Abstract High-speed planar laser Mie scattering and Laser Induced Fluorescence (PLIF) were employed for the determination of Sauter Mean Diameter (SMD) distribution in non-evaporating diesel sprays. The effect of rail pressure, distillation profile, and consequent fuel viscosity on the drop size distribution developing during primary and secondary atomization was investigated. Samples of conventional crude-oil derived middle-distillate diesel and light distillate kerosene were delivered into an optically accessible mini-sac injector, using a customized high-pressure common rail diesel fuel injection system. Two optical channels were employed to capture images of elastic Mie and inelastic LIF scattering simultaneously on a high-speed video camera at 10 kHz. Results are presented for sprays obtained at maximum needle lift during the injection. These reveal that the emergent sprays exhibit axial asymmetry and vorticity.
Abstract Engine acoustics measured by microphones near the engine have been used in controlled laboratory settings for combustion feedback and even combustion phasing control, but the use of these techniques in a vehicle where many other noise sources exist is problematic. In this study, surface-mounted acoustic emissions sensors are embedded in the block of a 2.0L turbocharged GDI engine, and the signal is analyzed to identify useful feedback features. The use of acoustic emissions sensors, which have a very high frequency response and are commonly used for detecting material failures for health monitoring, including detecting gear pitting and ring scuffing on test stands, enables detection of acoustics both within the range of human hearing and in the ultrasonic spectrum. The high-speed acoustic time-domain data are synchronized with the crank-angle-domain combustion data to investigate the acoustic emissions response caused by various engine events.
Abstract Model based approaches for engine fault diagnosis mostly address the faults external to cylinder since they predominantly use simplified averaged models which do not capture within cycle dynamics. Hence, by using an instantaneous engine model which distinctly characterizes the cylinder’s modes, the events occurring within the cycle can be captured. The events happening across various modes and the engine subsystems can be due to normal operation or faults whose symptoms can be seen as features. In this work, which involves detection and classification of faults occurring in cylinders, is carried out in simulation environment, where, a Kalman filter for state estimation incorporating a nominal instantaneous mode based engine model is considered. Using this estimator as base, faults occurring repetitively (every cycle) are addressed whose features are seen across relevant modes of a cycle.
This document is intended to supplement SAE J2403 by providing the content of Table 1, Table 2, and Table 3 from SAE J2403 in a form that can be sorted and searched for easier use. It is NOT intended as a substitute for the actual document, and any discrepancies between this Digital Annex and the published SAE J2403 document must be resolved in favor of the published document. This document provides the content of Table 1 and Table 2 published in SAE J2403 into the single table in the 'Term' tab, while the 'Recommended Term Definitions' tab provides the content of Table 3 in SAE J2403 and the 'Glossary' tab provides the content of Table 4 in SAE J2403.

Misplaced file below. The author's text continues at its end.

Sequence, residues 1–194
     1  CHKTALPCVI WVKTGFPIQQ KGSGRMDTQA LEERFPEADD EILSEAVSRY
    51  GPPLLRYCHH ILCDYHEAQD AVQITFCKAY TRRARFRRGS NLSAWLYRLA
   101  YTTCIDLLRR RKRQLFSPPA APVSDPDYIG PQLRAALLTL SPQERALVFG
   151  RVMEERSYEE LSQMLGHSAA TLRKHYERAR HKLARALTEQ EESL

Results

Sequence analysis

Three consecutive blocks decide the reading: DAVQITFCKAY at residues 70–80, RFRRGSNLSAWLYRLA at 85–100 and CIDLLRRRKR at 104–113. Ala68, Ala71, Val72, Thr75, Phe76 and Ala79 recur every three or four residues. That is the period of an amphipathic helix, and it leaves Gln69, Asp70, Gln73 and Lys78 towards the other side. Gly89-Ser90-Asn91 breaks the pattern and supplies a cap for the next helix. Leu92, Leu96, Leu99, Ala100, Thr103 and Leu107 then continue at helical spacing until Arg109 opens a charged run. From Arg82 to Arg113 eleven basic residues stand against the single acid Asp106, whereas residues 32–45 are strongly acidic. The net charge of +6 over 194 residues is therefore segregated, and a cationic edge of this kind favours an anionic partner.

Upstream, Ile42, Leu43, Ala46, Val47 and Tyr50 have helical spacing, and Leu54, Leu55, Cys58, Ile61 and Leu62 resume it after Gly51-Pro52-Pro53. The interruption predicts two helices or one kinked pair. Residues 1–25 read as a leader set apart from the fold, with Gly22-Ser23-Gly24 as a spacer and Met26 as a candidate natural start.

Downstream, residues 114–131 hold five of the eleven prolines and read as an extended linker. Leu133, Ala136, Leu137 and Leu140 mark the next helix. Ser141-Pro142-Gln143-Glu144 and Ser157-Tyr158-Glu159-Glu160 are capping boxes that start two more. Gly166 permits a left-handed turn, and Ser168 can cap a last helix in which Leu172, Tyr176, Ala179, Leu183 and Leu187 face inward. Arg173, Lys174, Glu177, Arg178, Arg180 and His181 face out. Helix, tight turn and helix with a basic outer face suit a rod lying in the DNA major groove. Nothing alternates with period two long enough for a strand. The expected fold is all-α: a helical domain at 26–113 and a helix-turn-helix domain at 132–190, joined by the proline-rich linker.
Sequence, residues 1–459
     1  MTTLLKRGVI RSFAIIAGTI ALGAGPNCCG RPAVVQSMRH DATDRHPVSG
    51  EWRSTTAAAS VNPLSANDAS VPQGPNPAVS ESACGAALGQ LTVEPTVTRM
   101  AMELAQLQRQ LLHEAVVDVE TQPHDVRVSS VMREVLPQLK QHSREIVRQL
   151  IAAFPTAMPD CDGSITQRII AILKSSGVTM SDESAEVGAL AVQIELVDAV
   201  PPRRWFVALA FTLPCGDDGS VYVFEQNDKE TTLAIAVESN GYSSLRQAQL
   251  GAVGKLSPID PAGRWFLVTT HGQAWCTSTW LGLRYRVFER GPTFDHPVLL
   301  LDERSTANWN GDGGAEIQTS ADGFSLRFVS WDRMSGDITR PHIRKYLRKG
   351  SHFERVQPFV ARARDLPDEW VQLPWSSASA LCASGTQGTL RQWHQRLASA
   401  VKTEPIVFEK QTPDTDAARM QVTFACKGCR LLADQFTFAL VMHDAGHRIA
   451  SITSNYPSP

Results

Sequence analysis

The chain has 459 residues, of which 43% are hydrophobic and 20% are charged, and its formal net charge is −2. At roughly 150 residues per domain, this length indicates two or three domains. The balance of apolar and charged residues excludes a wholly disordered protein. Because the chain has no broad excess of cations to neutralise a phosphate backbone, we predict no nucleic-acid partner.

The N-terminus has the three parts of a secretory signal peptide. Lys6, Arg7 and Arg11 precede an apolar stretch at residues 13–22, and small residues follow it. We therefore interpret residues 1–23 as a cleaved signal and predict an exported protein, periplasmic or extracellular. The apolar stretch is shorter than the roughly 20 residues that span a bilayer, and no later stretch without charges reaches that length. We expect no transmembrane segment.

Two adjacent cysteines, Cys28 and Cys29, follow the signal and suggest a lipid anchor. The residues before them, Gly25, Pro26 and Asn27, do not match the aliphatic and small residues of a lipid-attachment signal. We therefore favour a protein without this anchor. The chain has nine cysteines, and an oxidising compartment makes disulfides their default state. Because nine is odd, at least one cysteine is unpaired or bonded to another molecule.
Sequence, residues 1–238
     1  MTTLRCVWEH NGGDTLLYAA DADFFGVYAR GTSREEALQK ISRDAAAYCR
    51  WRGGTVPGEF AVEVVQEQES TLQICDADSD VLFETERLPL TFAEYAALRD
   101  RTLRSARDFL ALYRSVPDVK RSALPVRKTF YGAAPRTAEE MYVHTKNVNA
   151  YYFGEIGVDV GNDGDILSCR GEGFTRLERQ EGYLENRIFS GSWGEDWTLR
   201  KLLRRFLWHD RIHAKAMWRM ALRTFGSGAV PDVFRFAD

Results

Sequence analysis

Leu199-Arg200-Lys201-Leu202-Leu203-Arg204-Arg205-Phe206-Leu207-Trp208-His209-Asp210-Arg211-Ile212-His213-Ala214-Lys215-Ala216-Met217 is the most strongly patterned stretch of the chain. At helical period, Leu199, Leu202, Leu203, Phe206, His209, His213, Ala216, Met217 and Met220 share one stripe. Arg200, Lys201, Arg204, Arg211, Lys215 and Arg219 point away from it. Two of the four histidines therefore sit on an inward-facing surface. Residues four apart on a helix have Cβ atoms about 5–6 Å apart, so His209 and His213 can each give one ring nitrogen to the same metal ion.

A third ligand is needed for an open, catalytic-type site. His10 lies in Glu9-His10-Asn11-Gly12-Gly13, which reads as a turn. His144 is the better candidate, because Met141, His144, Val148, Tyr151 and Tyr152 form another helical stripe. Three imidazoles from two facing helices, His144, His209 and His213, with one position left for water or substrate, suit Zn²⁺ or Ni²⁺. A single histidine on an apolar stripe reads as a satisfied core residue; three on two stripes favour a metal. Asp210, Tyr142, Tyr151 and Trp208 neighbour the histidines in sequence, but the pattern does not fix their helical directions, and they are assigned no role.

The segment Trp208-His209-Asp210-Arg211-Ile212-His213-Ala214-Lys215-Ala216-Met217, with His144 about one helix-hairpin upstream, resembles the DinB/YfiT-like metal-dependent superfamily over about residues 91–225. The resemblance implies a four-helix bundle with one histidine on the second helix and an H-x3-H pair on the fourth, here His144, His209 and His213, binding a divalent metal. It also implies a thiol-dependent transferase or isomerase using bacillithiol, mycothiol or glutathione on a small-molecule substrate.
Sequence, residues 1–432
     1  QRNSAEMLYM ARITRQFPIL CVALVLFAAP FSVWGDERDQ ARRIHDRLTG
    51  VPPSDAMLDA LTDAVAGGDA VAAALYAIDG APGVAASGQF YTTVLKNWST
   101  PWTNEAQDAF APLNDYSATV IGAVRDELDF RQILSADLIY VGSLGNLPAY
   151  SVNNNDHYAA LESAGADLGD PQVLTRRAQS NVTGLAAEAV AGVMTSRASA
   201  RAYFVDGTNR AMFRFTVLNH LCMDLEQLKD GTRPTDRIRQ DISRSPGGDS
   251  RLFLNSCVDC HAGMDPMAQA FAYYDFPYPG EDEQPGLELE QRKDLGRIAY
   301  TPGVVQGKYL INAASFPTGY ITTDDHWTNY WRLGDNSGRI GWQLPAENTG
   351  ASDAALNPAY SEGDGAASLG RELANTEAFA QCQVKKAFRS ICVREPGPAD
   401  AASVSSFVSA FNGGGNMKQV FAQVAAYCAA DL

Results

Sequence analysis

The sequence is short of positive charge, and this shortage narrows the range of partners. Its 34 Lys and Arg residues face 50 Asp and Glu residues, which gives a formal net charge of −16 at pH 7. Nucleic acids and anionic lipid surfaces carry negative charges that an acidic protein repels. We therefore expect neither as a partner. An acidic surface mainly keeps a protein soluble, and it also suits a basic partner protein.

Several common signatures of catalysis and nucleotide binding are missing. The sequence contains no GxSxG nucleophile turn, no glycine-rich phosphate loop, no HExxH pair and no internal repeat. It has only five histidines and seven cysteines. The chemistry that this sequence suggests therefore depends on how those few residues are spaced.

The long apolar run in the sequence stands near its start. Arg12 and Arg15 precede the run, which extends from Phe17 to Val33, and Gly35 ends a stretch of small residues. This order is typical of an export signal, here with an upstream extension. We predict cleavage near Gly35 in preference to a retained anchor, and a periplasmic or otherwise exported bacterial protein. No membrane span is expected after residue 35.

This Aerospace Information Report (AIR) is a general overview of typical airborne Engine Vibration Monitoring (EVM) systems applicable to fixed or rotary wing aircraft applications, with an emphasis on system design considerations. It describes EVM systems currently in use and future trends in EVM development. The broader scope of Health and Usage Monitoring Systems, (HUMS) is covered in documents AS5391, AS5392, AS5393, AS5394, AS5395, AIR4174.
SAE J1939-73 Diagnostics Application Layer defines the SAE J1939 messages to accomplish diagnostic services and identifies the diagnostic connector to be used for the vehicle service tool interface. Diagnostic messages (DMs) provide the utility needed when the vehicle is being repaired. Diagnostic messages are also used during vehicle operation by the networked electronic control modules to allow them to report diagnostic information and self-compensate as appropriate, based on information received. Diagnostic messages include services such as periodically broadcasting active diagnostic trouble codes, identifying operator diagnostic lamp status, reading or clearing diagnostic trouble codes, reading or writing control module memory, providing a security function, stopping/starting message broadcasts, reporting diagnostic readiness, monitoring engine parametric data, etc.
This document supersedes SAE J2012 DEC2007, and is technically equivalent to ISO 15031-6:2010 with the exceptions described in 1.2. This document is intended to define the standardized Diagnostic Trouble Codes (DTC) that On-Board Diagnostic (OBD) systems in vehicles are required to report when malfunctions are detected. SAE J2012 may also be used for decoding of enhanced diagnostic DTCs and specifies the ranges reserved for vehicle manufacturer specific usage. This document includes: a. Diagnostic Trouble Code format. b. A description of the standardized set of Diagnostic Trouble Codes and descriptions contained in SAE J2012-DA. The two most significant bytes of a DTC may be decoded according to two different lists; DTC Format Identifier 0x00 and 0x04. c. A description of the standardized set of Diagnostic Trouble Codes subtypes known as Failure Types contained in SAE J2012-DA (applies only when three byte DTCs are used).